will you know you've found them all?
A group of children are discussing the height of a tall tree. How would you go about finding out its height?
Try continuing these patterns made from triangles. Can you create
your own repeating pattern?
This challenge is to design different step arrangements, which must
go along a distance of 6 on the steps and must end up at 6 high.
Let's suppose that you are going to have a magazine which has 16
pages of A5 size. Can you find some different ways to make these
pages? Investigate the pattern for each if you number the pages.
Write the numbers up to 64 in an interesting way so that the shape they make at the end is interesting, different, more exciting ... than just a square.
Arrange your fences to make the largest rectangular space you can. Try with four fences, then five, then six etc.
We went to the cinema and decided to buy some bags of popcorn so we
asked about the prices. Investigate how much popcorn each bag holds
so find out which we might have bought.
Vincent and Tara are making triangles with the class construction set. They have a pile of strips of different lengths. How many different triangles can they make?
This problem is based on the story of the Pied Piper of Hamelin. Investigate the different numbers of people and rats there could have been if you know how many legs there are altogether!
In this investigation, you must try to make houses using cubes. If
the base must not spill over 4 squares and you have 7 cubes which
stand for 7 rooms, what different designs can you come up with?
We think this 3x3 version of the game is often harder than the 5x5 version. Do you agree? If so, why do you think that might be?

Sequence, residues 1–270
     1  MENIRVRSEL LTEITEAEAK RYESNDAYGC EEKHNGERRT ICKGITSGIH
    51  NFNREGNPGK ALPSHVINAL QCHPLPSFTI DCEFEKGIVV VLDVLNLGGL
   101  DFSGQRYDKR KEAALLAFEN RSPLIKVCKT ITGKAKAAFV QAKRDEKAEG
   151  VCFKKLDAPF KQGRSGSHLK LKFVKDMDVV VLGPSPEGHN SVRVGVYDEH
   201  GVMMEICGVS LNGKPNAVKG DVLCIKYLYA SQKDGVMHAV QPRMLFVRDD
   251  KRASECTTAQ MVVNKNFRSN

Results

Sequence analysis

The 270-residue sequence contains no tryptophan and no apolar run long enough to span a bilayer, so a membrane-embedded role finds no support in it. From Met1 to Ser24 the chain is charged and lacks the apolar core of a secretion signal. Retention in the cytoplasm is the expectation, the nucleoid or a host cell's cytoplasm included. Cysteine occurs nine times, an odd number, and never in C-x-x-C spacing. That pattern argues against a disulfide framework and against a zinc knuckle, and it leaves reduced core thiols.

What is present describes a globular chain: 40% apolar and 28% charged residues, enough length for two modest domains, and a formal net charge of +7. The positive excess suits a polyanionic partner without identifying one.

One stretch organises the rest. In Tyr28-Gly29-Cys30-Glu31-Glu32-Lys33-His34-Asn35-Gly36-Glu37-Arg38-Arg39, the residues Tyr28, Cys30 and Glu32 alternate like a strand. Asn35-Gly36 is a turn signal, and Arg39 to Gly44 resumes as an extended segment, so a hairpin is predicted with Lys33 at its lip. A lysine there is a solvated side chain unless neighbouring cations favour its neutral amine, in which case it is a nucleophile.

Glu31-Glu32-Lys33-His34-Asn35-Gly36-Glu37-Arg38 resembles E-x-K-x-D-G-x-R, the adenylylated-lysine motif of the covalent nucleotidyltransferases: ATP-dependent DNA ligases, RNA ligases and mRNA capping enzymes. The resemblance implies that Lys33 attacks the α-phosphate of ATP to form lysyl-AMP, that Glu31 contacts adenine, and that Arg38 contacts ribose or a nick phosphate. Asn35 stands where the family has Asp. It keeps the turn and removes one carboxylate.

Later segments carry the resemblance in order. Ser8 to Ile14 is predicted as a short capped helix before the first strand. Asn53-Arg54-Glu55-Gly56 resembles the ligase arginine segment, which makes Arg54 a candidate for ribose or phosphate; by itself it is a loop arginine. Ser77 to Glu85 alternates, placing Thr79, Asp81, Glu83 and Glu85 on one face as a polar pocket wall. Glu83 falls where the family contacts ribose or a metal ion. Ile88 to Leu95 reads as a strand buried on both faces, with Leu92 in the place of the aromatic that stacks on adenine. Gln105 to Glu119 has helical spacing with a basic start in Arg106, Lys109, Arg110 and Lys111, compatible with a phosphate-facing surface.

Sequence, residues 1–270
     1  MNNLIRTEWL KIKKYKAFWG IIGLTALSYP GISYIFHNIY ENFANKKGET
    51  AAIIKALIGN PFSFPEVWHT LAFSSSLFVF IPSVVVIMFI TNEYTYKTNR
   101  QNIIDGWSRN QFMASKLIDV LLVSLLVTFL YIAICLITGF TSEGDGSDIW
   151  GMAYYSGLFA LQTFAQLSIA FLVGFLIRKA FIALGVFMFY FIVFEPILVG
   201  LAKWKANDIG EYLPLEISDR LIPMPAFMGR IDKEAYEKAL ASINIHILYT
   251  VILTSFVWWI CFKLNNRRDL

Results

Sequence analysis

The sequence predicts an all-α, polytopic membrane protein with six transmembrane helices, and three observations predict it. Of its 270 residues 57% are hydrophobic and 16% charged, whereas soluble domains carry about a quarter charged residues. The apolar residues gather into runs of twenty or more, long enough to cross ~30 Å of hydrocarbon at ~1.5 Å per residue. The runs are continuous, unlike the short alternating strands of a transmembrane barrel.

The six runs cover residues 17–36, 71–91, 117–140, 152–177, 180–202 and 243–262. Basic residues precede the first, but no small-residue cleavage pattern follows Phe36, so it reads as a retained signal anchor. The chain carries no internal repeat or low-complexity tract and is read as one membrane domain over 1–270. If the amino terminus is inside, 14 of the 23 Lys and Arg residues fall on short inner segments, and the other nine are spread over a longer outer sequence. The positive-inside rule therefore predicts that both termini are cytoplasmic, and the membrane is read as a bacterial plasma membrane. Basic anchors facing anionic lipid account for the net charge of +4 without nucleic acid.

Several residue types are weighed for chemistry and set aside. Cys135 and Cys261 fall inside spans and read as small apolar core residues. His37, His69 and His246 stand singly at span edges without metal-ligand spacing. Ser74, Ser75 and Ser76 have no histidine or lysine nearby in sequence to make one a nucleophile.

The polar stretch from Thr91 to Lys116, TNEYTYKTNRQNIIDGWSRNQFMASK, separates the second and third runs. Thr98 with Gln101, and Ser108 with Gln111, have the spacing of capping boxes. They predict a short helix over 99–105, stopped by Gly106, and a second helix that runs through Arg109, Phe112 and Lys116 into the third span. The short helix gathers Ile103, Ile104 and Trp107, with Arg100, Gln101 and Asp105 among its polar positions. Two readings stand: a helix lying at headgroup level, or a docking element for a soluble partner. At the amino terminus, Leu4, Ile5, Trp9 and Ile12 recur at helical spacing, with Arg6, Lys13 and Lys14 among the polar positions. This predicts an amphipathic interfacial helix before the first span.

Suppose there is a train with 24 carriages which are going to be
put together to make up some new trains. Can you find all the ways
that this can be done?
An activity making various patterns with 2 x 1 rectangular tiles.
Investigate the number of faces you can see when you arrange three cubes in different ways.
How many different shaped boxes can you design for 36 sweets in one
layer? Can you arrange the sweets so that no sweets of the same
colour are next to each other in any direction?
Three children are going to buy some plants for their birthdays. They will plant them within circular paths. How could they do this?
Suppose we allow ourselves to use three numbers less than 10 and
multiply them together. How many different products can you find?
How do you know you've got them all?
Investigate the different ways you could split up these rooms so
that you have double the number.
Let's say you can only use two different lengths - 2 units and 4
units. Using just these 2 lengths as the edges how many different
cuboids can you make?
I like to walk along the cracks of the paving stones, but not the
outside edge of the path itself. How many different routes can you
find for me to take?
Take 5 cubes of one colour and 2 of another colour. How many
different ways can you join them if the 5 must touch the table and
the 2 must not touch the table?
How many shapes can you build from three red and two green cubes? Can you use what you've found out to predict the number for four red and two green?
An investigation involving adding and subtracting sets of consecutive numbers. Lots to find out, lots to explore.